President, Princeton University/Governor of New Jersey/U.S. President
Full Name Thomas Woodrow Wilson
Born 28 December 1856 in Staunton, Virginia
Died 3 February 1924 in Washington, District of Columbia
Buried Washington National Cathedral, Washington, District of Columbia
Elected 1 October 1904 at age forty-seven
There are coincidences in death as there are in life; coincidences which, occurring with men of mark, will sometimes emphasize the fact of the ending of an era. Our schoolboy histories used to point out the dramatic touch which the passing of John Adams and Thomas Jefferson, on the same Independence Day of 1826, gave to the fact that the old Federalist party had at that date also breathed its last and that the Democratic party, led by new men with new ideas, was about to break with its State rights, strict-construction past. A somewhat similar realization that one chapter of contemporary history has closed and another opened is brought by the death, within the twelve-month, of Woodrow Wilson and Henry Cabot Lodge.
Although both of these well-known statesmen had been long-time members of the Century, neither was a familiar figure at the Clubhouse. Senator Lodge was said to prize his membership mostly as a mark of affiliation with the best intellectual group in New York City; Mr. Wilson was apt to visit the Club, on the rare occasions when he came, as a refuge from the exigencies and annoyances of politics. A few surviving Centurions will recall in 1912 the Sunday before Labor Day—the zero hour of Presidential battles—when Governor Wilson, then the Democratic candidate, sat at the Club’s dinner-table and frankly unfolded, to the one or two fellow-diners who had been left behind in the holiday exodus, his personal apprehension over what seemed the irresistible rolling ball of popular favor for the Third ticket and Mr. Roosevelt. It was a curious moment in campaign psychology, coming as it did at almost the very day of the campaign on which, in 1864, Mr. Lincoln sealed up for his cabinet the identical notes declaring his personal judgment that “this administration will not be re-elected.” Perhaps it needed the confidential atmosphere of the White House or the Century to make possible, at such a moment, such confessions of political misgiving.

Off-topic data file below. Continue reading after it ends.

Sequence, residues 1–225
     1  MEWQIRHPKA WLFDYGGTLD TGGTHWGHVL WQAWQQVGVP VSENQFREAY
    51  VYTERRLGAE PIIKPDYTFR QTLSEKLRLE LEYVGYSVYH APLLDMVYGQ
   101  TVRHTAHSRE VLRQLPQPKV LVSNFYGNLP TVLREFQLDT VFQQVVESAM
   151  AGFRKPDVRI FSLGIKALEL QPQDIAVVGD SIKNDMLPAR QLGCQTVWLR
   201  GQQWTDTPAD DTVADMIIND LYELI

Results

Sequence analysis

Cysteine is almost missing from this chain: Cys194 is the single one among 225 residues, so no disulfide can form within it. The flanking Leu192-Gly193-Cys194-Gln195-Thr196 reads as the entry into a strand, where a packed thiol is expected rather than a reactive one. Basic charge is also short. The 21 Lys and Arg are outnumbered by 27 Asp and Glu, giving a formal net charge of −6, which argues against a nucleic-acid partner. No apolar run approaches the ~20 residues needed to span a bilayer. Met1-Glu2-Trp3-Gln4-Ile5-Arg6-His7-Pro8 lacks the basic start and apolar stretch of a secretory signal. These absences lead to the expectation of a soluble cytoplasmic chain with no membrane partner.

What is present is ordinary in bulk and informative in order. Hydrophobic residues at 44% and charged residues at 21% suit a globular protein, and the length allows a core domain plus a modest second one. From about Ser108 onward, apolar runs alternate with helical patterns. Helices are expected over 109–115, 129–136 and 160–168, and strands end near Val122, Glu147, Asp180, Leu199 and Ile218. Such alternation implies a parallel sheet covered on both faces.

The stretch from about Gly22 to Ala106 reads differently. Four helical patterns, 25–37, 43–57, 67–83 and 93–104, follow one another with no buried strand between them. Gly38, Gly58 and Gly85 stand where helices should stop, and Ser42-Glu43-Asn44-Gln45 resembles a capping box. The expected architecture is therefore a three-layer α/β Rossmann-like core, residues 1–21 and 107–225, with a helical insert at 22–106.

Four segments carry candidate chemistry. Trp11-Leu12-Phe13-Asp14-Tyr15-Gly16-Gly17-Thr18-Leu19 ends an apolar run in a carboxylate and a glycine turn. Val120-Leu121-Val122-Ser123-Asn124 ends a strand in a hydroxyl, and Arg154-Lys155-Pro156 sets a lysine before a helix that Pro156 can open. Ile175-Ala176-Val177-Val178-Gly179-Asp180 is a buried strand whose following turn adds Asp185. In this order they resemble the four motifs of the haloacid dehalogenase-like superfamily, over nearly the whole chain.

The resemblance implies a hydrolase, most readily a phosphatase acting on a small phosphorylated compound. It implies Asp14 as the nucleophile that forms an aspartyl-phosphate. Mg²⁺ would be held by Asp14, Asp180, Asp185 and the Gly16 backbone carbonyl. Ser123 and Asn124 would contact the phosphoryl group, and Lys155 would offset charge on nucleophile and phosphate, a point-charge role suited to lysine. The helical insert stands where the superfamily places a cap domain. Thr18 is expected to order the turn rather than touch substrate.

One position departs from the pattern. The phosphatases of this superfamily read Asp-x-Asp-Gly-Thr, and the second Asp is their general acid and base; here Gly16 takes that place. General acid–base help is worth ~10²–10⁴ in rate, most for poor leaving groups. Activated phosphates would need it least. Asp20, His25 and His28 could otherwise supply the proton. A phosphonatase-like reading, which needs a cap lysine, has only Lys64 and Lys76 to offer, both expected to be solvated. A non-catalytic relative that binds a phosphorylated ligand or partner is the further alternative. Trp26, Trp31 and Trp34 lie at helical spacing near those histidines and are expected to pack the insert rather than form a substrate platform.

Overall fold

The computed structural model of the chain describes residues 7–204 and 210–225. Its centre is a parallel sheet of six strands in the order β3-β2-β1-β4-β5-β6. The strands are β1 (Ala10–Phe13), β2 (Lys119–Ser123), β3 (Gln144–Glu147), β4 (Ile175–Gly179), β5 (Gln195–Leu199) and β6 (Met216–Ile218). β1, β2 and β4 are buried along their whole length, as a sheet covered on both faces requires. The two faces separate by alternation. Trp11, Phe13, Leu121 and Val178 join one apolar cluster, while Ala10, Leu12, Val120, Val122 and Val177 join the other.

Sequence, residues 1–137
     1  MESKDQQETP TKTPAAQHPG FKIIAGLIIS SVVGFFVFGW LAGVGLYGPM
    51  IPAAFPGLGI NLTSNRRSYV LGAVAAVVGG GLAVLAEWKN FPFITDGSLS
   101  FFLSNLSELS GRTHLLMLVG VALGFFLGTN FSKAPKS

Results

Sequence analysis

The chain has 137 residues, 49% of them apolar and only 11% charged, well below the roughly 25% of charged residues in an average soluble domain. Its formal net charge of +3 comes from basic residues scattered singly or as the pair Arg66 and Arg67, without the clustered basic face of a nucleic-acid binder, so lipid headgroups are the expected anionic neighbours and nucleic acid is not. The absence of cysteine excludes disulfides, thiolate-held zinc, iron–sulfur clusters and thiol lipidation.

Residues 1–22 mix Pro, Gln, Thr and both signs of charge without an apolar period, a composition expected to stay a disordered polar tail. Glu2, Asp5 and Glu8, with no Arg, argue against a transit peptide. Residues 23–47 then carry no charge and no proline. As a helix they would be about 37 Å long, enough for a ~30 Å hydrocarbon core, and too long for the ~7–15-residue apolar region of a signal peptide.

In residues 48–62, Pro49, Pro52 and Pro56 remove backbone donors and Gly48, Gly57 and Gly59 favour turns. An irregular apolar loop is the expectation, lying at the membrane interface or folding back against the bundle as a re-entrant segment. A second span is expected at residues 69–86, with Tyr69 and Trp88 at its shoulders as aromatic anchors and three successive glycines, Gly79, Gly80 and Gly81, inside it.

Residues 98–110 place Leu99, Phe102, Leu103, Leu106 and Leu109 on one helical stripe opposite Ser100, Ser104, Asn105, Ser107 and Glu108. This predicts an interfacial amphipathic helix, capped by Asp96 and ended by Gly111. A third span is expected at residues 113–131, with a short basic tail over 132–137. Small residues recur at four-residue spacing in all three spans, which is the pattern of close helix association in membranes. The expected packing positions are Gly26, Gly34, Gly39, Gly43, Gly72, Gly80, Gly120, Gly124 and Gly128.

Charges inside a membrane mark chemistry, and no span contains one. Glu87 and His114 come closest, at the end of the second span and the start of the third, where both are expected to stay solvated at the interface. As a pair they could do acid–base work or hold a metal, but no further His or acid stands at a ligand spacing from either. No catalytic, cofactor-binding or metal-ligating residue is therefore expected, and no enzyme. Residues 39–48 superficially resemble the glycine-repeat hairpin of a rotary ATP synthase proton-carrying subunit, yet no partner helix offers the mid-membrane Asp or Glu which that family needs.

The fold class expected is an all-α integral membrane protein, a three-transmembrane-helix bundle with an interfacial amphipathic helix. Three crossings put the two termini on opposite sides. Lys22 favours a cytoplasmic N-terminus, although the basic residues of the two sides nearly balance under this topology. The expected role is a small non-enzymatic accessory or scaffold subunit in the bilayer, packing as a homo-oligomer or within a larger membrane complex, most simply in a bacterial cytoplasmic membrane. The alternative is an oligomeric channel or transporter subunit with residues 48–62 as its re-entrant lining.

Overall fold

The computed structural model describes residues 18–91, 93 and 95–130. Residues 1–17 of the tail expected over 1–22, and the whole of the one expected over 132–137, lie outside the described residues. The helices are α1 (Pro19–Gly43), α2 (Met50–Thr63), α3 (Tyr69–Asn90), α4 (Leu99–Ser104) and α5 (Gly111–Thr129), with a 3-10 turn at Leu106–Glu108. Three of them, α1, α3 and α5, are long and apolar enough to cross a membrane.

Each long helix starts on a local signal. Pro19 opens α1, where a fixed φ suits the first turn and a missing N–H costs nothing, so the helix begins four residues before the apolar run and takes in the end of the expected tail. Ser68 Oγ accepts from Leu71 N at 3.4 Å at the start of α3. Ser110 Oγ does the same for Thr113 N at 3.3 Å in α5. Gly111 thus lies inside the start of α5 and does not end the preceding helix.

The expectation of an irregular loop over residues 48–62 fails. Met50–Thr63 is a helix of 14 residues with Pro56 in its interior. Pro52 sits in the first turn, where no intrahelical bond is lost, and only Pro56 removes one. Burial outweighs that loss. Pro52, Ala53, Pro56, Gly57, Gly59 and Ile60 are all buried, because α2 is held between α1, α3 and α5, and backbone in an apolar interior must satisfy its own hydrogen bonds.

Wilson and Lodge were outstanding figures in the epoch of American history which may be said to have begun in 1914 and to have ended perhaps in 1920, perhaps in 1924. Neither was identified exclusively, however, with the events of the intervening period. In Wilson’s case especially, future history will hardly overlook the reform of the currency in 1913; the establishment of the Federal Reserve, under resolute pressure from the new Democratic president and not without co-operation of the Senator from Massachusetts. Lodge’s championship of international copyright will similarly be remembered. But in the public mind, both men will be primarily associated, first with the episode of our attempted neutrality in the European war, then with our amazingly effective and triumphant participation in the struggle, then with that strange peace convocation in which the President of the United States seemed to reach the highest pinnacle of international prestige and personal authority in modern history, and at last with that other legislative battle which ensued at Washington, of which it is possible to say that while one side was overwhelmingly defeated the other side did not win.